While banks benefit from good long standing reputations and a high level of trust from their customers, generally, they lack the innovation and agility of others in the payments space. Rather than simply seeing FinTechs and other challengers as a threat, however, by working in partnership both parties can deliver better payments solutions to the end user.
In a recent webinar hosted by The Banking Scene, in association with Banking Circle, Jon Levine, Co-Head of Institutional Banking at Banking Circle was joined by Brigit Carroll, Chair of PayBelgium, and Wim Grosemans, Global Head of Product Management – Payments and Receivables – Cash Management at BNP Paribas, to discuss just how critical these partnerships are.
The session was moderated by The Banking Scene’s CEO and Founder, Rik Coeckelbergs.
Read on for our summary of the key takeaways from the event.
How key are bank and FinTech partnerships in efforts to improve payment solutions for customers?
An in-webinar poll suggested that these partnerships are very important, and Wim Grosemans of BNP Paribas agrees, but believes the answer is a little more nuanced. Other factors will influence how critical these partnerships are, such as individual situations or where an organisation is in the value chain, however one thing that remains steadfast is that it is absolutely necessary to “deliver superior customer value” now more than ever.
Wim places a large emphasis on the importance of time to market, a sentiment that was echoed by many of the webinar’s attendants. This was voted as a bank’s primary reason to work with FinTechs, followed by it enabling them to go beyond the limits of a bank.
In order to take advantage of this though, Brigit Carroll of PayBelgium, believes that FinTechs need to be aware of the legal certainty that banks desire, stressing that “it also requires the right regulatory framework to make that happen and for banks to feel comfortable to partner with FinTechs.”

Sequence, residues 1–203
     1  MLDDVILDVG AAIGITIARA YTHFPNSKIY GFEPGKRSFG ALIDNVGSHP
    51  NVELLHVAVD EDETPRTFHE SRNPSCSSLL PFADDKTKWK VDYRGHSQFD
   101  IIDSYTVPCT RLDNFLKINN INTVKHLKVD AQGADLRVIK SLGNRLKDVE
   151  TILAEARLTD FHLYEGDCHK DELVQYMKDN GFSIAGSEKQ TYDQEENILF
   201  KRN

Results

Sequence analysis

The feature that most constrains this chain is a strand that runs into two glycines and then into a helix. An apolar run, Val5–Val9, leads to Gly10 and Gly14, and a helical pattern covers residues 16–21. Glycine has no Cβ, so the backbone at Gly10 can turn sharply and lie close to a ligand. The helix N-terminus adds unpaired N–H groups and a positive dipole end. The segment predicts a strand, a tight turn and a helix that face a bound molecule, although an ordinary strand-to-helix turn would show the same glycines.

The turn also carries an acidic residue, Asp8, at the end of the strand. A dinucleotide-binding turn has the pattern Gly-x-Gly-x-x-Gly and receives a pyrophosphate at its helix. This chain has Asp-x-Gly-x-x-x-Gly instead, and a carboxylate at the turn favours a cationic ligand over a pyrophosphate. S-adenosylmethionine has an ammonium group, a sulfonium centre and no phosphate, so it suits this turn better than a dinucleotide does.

How have customer expectations in corporate banking changed and what direction are we moving in?
Arguably the biggest challenge facing the industry is around instant payments, particularly for cross border payments, and this is exacerbated by the difference in speed between the consumer and B2B worlds, with the former naturally influencing expectations.
Jon Levine, at Banking Circle, explains that the difficulty of moving B2B payments is in direct contrast to the increasing ease and speed that consumers enjoy, but believes that “you should be able to send money around the word as easily as you send a WhatsApp message around the world.”
Both Jon and Wim believe that the customer shouldn’t need to think too much about the payment while they’re making it, and that in years to come this will cease to be a topic of discussion, as cross border instant payments become the norm. Jon elaborates: “If the penetration of instant transatlantic payments is very low today, it will be a lot higher in a year.”
What are the main challenges that present in partnerships between banks and FinTechs?
Banks and FinTechs naturally bring very different assets to the partnership, but the key differences between the two can also present a few obstacles that need to be smoothed along the way, and one of these is a clash of cultures.
Brigit Carroll of PayBelgium explained that FinTechs are used to “just being really nimble”, they enjoy a high degree of autonomy, and work very quickly, which is of course useful for decreasing time to market, but such different ways of working can also present challenges.
Are banks still required in the payments space?
“Everyone in the ecosystem has a role to play,” claims Brigit Carroll. On the suggestion that FinTechs and challenger banks could disrupt the industry by themselves, Brigit believes that certainly on the regulatory side of things, there are some blockers preventing this, not least the fact that FinTechs can’t access the payments infrastructure directly, as non banks. As a result she says “I don’t think that banks are out of the picture.”
Jon Levine feels that partnerships between banks and FinTechs “are going to be the name of the game” moving forward, as reflected in the changes seen in the build or buy debates in recent years, with large institutions now placing less emphasis on build, and more consideration going into other options such as purchasing or partnering.
For those that do choose to partner, there’s a preference towards a committed relationship between both parties. Brigit Carroll stresses that such an arrangement requires a lot of investment from both sides, and as a result there is both a need and an expectation that this partnership will be long lasting. Jon Levine elaborates further, explaining that “resources are finite in most institutions”, and that the investment made from both sides goes into aligning the partnership, as well as implementing those new plans.